greenwich tea burners monument

monument to the new jersey version of the boston tea party: on dec 22 1774, locals dressed as indians hauled a shipment of english tea into a local field and burned it.


the captain of the ship was refused entry to philadelphia with his tea, and was informed that new york and boston would not likely be receptive to his cargo, either. so he sailed across the delaware bay up the cohansey to look for a market.


many of the names on the monument are also family names found in the local cemetery. it looks as if father and son of the same family were involved in several cases, or at least two brothers.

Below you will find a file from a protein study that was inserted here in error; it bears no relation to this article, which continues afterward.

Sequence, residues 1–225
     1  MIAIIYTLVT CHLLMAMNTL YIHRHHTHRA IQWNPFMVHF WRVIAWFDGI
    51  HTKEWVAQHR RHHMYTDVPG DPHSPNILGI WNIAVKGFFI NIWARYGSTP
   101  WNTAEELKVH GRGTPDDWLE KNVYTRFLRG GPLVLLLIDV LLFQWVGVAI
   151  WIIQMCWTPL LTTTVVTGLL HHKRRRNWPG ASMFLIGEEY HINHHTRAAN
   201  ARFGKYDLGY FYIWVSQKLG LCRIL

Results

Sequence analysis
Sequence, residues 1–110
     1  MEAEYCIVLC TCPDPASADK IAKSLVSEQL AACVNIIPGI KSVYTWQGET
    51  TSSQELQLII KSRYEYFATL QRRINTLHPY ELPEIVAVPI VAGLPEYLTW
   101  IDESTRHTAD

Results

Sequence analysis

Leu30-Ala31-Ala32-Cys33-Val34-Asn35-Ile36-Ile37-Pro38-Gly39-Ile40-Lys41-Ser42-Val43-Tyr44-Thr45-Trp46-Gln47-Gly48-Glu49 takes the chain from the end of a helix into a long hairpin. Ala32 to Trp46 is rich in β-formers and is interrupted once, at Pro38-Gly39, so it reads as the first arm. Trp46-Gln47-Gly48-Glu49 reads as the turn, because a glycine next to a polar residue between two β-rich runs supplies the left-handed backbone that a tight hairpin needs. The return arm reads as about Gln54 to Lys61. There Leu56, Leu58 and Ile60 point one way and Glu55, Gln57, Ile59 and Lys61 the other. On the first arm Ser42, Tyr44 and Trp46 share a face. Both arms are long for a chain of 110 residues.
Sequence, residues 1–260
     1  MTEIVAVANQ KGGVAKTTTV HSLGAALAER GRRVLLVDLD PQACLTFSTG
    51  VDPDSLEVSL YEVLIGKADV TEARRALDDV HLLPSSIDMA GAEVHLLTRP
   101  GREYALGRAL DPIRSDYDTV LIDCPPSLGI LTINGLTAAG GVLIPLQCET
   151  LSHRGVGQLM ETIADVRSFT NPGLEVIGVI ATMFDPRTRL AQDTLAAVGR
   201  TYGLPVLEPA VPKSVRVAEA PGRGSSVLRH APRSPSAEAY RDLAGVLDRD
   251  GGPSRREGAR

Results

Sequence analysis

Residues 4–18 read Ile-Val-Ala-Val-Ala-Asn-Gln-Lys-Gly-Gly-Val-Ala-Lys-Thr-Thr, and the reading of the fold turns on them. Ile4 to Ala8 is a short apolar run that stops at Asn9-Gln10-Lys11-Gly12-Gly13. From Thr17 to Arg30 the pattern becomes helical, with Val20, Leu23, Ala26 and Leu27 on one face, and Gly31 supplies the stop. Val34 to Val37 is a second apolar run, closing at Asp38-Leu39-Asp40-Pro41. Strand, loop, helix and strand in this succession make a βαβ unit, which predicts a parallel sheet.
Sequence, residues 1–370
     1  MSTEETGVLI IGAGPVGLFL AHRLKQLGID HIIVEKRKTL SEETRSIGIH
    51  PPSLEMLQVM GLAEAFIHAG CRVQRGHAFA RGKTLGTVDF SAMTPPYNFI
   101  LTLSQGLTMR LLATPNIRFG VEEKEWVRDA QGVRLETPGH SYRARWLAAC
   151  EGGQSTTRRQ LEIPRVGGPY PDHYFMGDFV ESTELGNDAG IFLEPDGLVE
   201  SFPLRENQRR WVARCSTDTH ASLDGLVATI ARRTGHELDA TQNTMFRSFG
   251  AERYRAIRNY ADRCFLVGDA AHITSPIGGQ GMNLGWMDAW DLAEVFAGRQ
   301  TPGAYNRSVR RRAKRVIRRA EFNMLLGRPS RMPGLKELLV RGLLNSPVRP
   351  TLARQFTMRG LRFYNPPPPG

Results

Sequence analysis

the owners of the tea appealed to the royal governor of nj (benjamin franklin's son) to prosecute; after two trials in which the accused were found not guilty, the crown gave up. by that time they had a war to deal with...


thereafter, benjamin franklin (who had lobbied hard to get his son the royal governor post) tried to convince his son of the patriot cause, the son vehemently rejected his father's entreaties, and remained loyal to the crown. the two never spoke again.


also known as "the last tea party" (of several) before war began


nb: there is a road today in greenwich called "teaburners road"

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Taken on November 3, 2007